The Netherlands still has the best pension system in the world.
According to the recently released 2019 edition of the Melbourne Mercer Global Pensions Index, the Netherlands, which also took the top spot last year, and runner-up Denmark were the only two nations of the 37 studied to receive an A+ grade (a score over 80.0) for the level of financial security they provide citizens in retirement.
The U.K. and the U.S. both earned C+ grades (low 60s), coming in 14th and 16th place, respectively. Both had their scores hurt by poor performance in the area of minimum pensions for low-income pensioners. Thailand was in the bottom spot.
The survey, which covers countries containing almost two-thirds of the world’s population, uses 40 metrics to assess whether a system leads to improved financial outcomes for retirees, whether it is sustainable, and whether it has the trust and confidence of the community. These categories, denoted as “Adequacy,” “Sustainability” and “Integrity,” take into account numerous factors.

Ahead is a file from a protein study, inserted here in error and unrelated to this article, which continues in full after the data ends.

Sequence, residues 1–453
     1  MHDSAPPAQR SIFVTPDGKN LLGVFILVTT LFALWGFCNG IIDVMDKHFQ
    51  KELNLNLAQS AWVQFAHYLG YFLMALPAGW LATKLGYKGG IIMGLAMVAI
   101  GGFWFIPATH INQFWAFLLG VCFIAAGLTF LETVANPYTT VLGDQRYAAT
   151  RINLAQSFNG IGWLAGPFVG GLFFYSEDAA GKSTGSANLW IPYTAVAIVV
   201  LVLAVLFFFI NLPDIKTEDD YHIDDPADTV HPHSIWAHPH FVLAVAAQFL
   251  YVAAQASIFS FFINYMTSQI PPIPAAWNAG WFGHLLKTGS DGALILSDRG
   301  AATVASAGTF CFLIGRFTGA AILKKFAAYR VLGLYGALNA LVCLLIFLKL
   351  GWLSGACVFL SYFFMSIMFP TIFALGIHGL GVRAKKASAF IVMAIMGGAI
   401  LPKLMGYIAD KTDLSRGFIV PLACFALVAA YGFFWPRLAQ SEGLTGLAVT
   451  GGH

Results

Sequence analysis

Adequacy grades benefits, system design, savings, tax support, home ownership and growth assets.
Sustainability grades pension coverage, total assets, contributions, demography, government debt and economic growth.
Integrity grades regulation, governance, protection, communication and operating costs.
Beyond the top few slots, one of the main themes the data demonstrate is the generally inverse relationship between adequacy and sustainability. If a nation scores high in one, it usually doesn’t do quite so well in the other. That it’s difficult to balance these two factors isn’t exactly a revelation: The more money you give out, the more difficult it is to maintain the system’s war chest, but seeing just how many countries struggle with this dichotomy is interesting nonetheless.
Here are the top 13 pensions systems in the world and their attendant grades (all scores out of 100):